Friday, January 3, 2014

The Big Question

You are the owner of a period home, perhaps Georgian, Victorian, Edwardian or Pre-WW2. It has been finished on the exterior either in brick or stone — or both.
When you look at its outside walls, it’s obvious something needs to be done.
But what is your ultimate objective?
In a utopian kind of a way, perhaps you should be saying “I want to restore it to its original condition”.
But there is a lot that would involve, financially and otherwise.
It’s one thing when the government is entirely subsidizing a project, and the individuals making the final decision feel a fiduciary responsibility to ensure the work will last several generations; but it’s another matter entirely when the adjudication has to filter through the many priorities we’re all personally facing.
So what ends up all-too-often happening is that the lowest price is opted for.
But that can create problems, as a beautiful period dwelling, which was simply is need of maintenance, can become defaced (see picture); the cost being the lost of its vintage character — a plight that’ll be passed along to all future owners of that property, I might add.
For this very reason, there are homeowners who want to avoid such disasters and proceed more carefully, seeking out contractors who specialize in historic masonry. And these companies will tend to propose the longer term options, being what seems logical to them based on their experience and education.
The right balance, in my opinion is to offer what I call a “minimum viable standard” in the residential market.
This constitutes a recommendation to only deviate from the ultimate standard in ways which will potentially not make the repair last as long, but ensuring that whatever is done will not cause damage to the historic fabric, or ruin its aesthetic qualities.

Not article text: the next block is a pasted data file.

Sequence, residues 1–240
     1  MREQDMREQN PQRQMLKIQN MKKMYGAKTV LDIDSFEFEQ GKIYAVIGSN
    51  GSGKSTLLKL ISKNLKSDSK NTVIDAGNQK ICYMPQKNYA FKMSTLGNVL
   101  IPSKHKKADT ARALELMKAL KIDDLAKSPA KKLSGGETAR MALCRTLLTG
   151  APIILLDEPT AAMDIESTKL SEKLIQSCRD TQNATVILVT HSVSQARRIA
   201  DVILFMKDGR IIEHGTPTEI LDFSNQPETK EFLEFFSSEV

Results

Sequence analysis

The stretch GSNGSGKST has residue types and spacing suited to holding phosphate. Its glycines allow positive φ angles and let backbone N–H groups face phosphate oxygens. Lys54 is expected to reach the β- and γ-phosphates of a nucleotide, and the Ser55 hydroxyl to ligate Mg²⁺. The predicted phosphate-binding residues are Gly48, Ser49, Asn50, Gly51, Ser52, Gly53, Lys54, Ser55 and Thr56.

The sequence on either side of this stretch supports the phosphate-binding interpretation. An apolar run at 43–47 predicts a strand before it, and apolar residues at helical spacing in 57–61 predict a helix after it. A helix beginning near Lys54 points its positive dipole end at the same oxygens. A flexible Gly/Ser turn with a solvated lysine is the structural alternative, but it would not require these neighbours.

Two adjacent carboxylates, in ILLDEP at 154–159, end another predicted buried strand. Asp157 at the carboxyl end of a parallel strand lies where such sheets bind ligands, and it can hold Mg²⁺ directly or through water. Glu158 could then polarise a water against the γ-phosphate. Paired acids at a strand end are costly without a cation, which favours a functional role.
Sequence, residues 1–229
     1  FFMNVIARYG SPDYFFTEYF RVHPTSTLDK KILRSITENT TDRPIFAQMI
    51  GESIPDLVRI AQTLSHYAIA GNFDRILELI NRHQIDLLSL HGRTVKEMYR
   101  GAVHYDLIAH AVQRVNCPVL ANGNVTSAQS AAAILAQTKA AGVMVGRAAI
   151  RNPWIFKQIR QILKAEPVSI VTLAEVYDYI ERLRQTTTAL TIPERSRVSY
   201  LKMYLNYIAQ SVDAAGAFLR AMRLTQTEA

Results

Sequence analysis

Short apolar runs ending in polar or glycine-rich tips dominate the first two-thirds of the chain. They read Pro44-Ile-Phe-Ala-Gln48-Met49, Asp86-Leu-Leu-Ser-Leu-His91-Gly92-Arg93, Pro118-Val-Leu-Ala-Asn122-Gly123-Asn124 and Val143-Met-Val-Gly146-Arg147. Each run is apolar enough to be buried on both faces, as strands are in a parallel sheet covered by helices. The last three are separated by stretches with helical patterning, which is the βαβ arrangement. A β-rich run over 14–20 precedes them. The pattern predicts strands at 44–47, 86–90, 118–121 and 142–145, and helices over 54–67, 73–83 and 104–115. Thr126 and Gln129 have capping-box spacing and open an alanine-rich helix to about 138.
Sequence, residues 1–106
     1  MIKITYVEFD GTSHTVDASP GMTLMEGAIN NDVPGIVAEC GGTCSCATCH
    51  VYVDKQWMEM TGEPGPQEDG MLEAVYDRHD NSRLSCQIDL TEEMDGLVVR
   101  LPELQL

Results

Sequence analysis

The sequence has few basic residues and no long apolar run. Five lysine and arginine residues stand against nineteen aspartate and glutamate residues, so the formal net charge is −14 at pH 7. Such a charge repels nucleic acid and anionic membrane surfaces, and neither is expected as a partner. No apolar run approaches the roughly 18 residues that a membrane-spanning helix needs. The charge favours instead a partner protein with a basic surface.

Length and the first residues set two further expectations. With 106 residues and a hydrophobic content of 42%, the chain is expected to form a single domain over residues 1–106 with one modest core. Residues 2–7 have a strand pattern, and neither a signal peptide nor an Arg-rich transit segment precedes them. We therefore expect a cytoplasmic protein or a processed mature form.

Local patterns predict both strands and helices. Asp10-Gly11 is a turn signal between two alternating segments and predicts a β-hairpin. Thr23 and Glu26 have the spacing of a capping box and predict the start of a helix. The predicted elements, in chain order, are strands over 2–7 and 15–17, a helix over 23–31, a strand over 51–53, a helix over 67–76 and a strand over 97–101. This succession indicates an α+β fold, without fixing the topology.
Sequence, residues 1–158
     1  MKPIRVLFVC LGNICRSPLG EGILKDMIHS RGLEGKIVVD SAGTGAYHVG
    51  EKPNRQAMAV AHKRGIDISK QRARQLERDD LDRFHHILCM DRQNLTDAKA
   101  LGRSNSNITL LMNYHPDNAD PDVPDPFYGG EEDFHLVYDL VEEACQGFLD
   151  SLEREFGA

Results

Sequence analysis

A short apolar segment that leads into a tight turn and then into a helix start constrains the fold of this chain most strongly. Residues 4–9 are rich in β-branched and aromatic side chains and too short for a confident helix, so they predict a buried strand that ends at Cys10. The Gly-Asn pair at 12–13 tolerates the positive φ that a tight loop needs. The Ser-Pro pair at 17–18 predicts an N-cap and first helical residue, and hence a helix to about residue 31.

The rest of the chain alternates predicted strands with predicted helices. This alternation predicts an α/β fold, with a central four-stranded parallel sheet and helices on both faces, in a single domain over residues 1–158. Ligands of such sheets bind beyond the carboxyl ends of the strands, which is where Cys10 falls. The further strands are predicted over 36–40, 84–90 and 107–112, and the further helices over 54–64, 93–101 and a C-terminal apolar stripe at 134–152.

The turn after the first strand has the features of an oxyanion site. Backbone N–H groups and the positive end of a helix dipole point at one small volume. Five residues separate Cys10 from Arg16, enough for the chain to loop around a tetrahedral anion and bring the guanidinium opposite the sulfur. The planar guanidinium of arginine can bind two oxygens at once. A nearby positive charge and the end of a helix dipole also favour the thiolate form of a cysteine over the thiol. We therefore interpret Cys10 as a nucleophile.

Furthermore, there is also the question of intrusion. Wrapping up the entire house in scaffolding for an entire summer, while removing thousands of bricks and all the mortar joints of the structure, generates noise and a ton of dust. It tends to ruins landscaping and other valuables. It might necessitate re-painting most wood trims. You and your neighbors can’t leave windows open during that time. It clogs up the A/C system unless the latter is sealed and therefore unusable for a period of time.
In other word, there will be intrusion to a lesser or larger degree, and minimizing it can go a long way to improve your peace of mind as well as maintaining harmonious relations with your neighbors.
This may not be something you personally care about, but I have found it to matter very much to most of my clients.
This is why, we personally put a lot of emphasis, at Invisible Tuckpointing Ltd., my Toronto-based company, on keeping the job site as immaculate as possible during the project and upon its completion.
So ‘the big question’ might be posed as “How can I get performed what needs to be done affordably, yet properly, but without going overboard, while minimizing disruption for our family as well as our neighbors?”
Contact me:
Toronto residents: www.invisibletuckpointing.com

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